In light of the recent release of EJ’s excellent Top 30 list (and new grading methods) and Baseball America’s Top 100, I thought this would be an excellent opportunity to delve a little deeper into the traditional scouting scale. Often, when reading a scouting report of a prospect, you’ll see something like “Player X has average speed but a plus arm” or “Player Y is a 60 hitter”, and generally you have an idea of what the scout is trying to convey. However, the specific meaning of these grades is often lost. I’d like to address this topic in two parts: First, I will give a (brief, I promise) explanation of the statistical theory behind the scale, to give a better idea of how it is supposed to work. And second, I will provide some operational definitions for what objective measurements/statistics the grades are supposed to correspond to, with some examples from current major leaguers and Yankee prospects.
The 20-80 scale is the means by which a scout evaluates the 5 tools (power, speed, hitting, arm, defense) in the case of a position player, or the repertoire of a pitcher. Each tool or pitch is given a grade ranging from 20 (the lowest) to 80 (the highest), usually in increments of 10 (though occasionally you will see some 5′s). The scouting scale is theoretically based on the normal distribution (see below, and if basic statistics make your head hurt, feel free to skip the next 3 paragraphs).
What the normal distribution shows is that in a large population, the distribution of a particular variable/characteristic will follow the above pattern (often referred to as the bell curve or Gaussian distribution) with a specific mean and standard deviation. It is a reflection of the probability of finding a particular value if you picked one subject randomly from the population. As you can see, the vast majority of the probability is right around 0, which in this case is the mean. In baseball terms, the mean would be the average ability of a major league player at that particular skill. The probabilities get significantly smaller as one moves away from the mean, which illustrates the relative rarity of extreme scores.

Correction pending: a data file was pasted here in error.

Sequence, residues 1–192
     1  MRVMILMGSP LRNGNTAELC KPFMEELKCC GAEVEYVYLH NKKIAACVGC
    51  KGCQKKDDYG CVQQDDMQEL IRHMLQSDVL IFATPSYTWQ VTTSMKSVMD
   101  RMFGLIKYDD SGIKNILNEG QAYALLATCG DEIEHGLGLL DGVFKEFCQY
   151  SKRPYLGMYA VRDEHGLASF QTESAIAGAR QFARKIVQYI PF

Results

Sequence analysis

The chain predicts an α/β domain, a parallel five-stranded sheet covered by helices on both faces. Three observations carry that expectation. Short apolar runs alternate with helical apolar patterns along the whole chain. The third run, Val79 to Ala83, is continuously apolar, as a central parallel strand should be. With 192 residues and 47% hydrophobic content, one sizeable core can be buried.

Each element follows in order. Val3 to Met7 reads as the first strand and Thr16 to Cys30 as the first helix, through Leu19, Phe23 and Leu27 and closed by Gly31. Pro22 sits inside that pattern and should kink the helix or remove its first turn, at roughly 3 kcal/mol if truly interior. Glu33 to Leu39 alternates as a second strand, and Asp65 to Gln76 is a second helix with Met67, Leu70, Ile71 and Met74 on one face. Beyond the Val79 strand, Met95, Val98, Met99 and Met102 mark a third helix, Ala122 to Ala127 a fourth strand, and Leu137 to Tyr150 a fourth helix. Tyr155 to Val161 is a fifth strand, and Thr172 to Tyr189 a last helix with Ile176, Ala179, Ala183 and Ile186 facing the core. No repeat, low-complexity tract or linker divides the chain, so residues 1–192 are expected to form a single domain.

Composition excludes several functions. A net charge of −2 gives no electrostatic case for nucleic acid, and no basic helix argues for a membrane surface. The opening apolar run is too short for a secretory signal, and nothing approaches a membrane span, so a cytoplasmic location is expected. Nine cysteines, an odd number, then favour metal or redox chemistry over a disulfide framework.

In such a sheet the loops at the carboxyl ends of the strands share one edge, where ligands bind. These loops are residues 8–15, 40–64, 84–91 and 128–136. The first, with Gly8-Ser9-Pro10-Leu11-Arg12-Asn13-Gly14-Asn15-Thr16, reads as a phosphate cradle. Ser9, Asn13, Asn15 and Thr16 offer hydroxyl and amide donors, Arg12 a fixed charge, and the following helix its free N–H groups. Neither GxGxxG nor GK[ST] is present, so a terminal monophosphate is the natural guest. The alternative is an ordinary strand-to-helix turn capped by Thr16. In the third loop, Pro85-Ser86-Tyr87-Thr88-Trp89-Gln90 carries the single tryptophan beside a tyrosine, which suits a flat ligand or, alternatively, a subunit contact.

For a reason unknown to me, on the scouting scale, the mean is a 50 score. As such, a pitcher with a 50 fastball is said to have an average major league fastball (more on what that actually means later). Each 10-point increase/decrease in the scouting score corresponds to a change of one standard deviation away from the mean in terms of probability. So a player with a 60 hit tool would be one standard deviation above the mean, which approximately corresponds to being in the top 15.86% of hitters in the league (and 84.14% are below). A 60 tool is also the same as a “plus” tool. As we move up one more standard deviation to a 70 tool, you can see the probability drops dramatically. A 70 tool is in the top 2.27% of all players, with nearly 98% below. A 70 tool is also referred to as a “plus-plus” tool.
Moving up one more standard deviation gets to an 80 tool, which has no other name. With only 0.13% of the distribution at 3 standard deviations or greater, we can see how rare it is to see a true 80 tool in the majors. The same probabilities apply as you move leftward from the mean. As you might imagine given the probability, there are only a few true 80 tools in the majors at a given time. Ryan Howard‘s power, Ichiro’s hit tool, and Aroldis Chapman‘s fastball are among the major league tools that would grade out as an 80, so this grade really represents the truly elite. For prospects, an example of an 80 tool would (sadly) take us outside of the Yankee system, to something like Bryce Harper’s power or Mike Trout‘s speed.
As to the numerical significance of these grades, Prospect Watch provides the most complete definition that I have seen. Speed is defined in 2 ways: in the player’s overall 60-yard dash time, and the player’s speed from the batters’ box to first base. Fielding is more of a qualitative evaluation, since fielding measurements are at present fairly unreliable. Arm strength is sometimes measured using a radar gun, but often is more qualitative. For catchers, however, arm strength is often measured in pop times, which is a measure of how quickly the catcher gets the ball to the base (and also factors in quickness of transfer. An elite pop time (an 80) is below 1.74 seconds, and a 70 is between 1.75-1.79.